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House Republicans cancel 'fiscal cliff' vote, leaving decision to Obama and Senate

The U.S. Capitol dome and U.S. Senate (R) in Washingto.(Reuters / Jonathan Ernst)
Unable to get enough support for a small tax raise on Americans earning more than $1 million, the GOP has canceled a House vote on legislation meant to avoid the "fiscal cliff."

­House Speaker John Boehner said it is now up to President Barack Obama and Senate Majority Leader Harry Reid to figure out "legislation to avert the fiscal cliff."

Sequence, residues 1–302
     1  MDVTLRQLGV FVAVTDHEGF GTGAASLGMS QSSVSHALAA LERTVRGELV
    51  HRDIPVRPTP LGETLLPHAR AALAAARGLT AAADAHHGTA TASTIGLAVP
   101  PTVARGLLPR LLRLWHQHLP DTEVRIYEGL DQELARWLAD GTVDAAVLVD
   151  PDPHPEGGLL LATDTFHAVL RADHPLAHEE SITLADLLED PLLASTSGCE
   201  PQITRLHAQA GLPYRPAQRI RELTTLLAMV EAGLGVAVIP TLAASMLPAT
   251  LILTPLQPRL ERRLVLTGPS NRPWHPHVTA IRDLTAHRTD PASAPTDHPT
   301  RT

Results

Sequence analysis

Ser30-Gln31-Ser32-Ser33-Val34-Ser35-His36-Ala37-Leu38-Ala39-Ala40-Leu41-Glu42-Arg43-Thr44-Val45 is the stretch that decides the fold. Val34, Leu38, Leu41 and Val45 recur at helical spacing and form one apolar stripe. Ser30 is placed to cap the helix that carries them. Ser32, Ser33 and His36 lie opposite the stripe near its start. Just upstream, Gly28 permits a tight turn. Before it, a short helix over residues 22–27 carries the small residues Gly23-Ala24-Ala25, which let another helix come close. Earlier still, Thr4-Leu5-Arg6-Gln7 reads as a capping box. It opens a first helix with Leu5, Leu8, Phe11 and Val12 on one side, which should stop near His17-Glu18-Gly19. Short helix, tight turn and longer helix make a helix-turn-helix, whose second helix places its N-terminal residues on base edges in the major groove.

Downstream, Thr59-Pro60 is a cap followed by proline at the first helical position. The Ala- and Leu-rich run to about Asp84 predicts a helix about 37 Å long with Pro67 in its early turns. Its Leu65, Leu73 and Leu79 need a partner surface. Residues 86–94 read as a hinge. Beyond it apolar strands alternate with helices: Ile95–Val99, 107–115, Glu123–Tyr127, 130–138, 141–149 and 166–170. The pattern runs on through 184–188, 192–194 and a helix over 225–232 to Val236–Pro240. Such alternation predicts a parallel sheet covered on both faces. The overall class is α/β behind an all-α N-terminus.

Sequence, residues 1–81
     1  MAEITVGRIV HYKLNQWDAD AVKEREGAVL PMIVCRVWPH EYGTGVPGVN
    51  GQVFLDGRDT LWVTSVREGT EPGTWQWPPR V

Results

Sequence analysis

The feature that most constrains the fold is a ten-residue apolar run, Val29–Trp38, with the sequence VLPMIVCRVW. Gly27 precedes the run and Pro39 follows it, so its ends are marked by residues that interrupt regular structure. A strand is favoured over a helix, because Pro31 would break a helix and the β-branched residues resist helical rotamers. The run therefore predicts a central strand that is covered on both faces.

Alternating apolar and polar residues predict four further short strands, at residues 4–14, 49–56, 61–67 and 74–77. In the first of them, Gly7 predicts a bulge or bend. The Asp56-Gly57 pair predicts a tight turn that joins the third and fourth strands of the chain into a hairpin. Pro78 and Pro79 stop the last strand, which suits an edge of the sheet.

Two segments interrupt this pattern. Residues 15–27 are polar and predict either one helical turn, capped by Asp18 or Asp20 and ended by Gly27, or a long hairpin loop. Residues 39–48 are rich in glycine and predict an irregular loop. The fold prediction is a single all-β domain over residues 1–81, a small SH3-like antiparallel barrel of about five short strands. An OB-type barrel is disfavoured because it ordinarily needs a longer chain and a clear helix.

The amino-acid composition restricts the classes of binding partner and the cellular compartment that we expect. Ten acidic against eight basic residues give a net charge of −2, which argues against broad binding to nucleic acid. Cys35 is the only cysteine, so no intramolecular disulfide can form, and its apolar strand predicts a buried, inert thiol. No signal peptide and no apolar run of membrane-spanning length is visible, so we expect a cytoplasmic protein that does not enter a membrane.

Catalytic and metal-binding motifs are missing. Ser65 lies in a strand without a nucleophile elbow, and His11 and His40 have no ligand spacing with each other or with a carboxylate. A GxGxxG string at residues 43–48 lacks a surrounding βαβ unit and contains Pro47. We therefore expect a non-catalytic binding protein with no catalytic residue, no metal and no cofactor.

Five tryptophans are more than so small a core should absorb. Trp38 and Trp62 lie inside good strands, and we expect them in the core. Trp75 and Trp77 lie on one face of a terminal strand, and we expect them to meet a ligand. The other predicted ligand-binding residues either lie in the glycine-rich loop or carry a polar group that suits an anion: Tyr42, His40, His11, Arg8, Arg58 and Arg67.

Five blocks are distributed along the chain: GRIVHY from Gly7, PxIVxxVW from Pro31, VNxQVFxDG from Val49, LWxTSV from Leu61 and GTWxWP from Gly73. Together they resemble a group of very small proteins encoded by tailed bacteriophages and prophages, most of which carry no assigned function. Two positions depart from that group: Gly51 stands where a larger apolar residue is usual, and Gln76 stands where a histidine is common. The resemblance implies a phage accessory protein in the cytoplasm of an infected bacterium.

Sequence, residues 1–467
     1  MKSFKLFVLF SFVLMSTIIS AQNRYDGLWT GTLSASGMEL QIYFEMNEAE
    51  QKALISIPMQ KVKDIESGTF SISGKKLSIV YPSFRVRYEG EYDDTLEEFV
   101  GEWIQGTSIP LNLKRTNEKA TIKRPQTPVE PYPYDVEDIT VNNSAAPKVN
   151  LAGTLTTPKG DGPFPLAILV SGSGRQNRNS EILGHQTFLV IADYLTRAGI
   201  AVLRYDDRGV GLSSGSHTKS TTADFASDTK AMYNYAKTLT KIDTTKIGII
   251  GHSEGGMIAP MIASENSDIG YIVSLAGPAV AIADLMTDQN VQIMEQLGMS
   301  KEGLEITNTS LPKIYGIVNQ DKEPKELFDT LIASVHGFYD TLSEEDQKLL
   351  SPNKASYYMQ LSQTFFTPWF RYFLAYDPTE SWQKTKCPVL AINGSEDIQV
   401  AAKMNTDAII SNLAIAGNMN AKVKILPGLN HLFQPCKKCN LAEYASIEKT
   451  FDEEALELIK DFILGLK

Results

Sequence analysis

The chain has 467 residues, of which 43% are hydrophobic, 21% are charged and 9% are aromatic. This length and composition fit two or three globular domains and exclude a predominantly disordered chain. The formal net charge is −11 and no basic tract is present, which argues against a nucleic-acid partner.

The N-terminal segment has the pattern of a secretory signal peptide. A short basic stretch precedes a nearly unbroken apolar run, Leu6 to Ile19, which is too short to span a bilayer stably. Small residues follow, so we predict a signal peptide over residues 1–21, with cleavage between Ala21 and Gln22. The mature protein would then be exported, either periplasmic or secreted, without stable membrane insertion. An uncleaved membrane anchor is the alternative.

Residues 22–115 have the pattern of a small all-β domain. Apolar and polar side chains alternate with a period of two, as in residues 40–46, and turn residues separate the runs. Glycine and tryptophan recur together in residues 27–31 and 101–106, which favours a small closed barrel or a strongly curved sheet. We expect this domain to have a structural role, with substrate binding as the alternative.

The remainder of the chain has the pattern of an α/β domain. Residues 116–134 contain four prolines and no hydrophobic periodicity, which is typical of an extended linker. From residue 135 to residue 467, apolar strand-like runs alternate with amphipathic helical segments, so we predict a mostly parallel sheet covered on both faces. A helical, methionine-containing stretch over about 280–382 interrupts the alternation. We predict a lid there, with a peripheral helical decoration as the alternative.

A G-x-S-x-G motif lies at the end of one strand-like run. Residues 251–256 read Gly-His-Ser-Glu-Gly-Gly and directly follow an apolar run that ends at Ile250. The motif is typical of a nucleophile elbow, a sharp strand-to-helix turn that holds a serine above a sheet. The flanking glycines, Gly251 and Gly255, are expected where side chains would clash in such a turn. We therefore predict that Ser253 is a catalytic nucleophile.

"The Senate must now act," he said.

Coming out of a last-minute meeting of GOP Republicans, Ohio Rep. Steve LaTourette said Boehner had told lawmakers, "He's going to call the president and he's going to go down and talk to him and maybe they can hammer something out."

Neither the White House nor Reid's office have commented.

President Obama had been urging a deal with Republicans before the House went into Christmas recess – which it did today.

"While the White House slow-walks us all to the edge of the fiscal cliff, Republicans are once again taking action to protect American families, our economy, and our national security," Boehner's office said after failing to get enough support to scrap $55 billion in cuts to the defense budget while adding new cuts to social programs.

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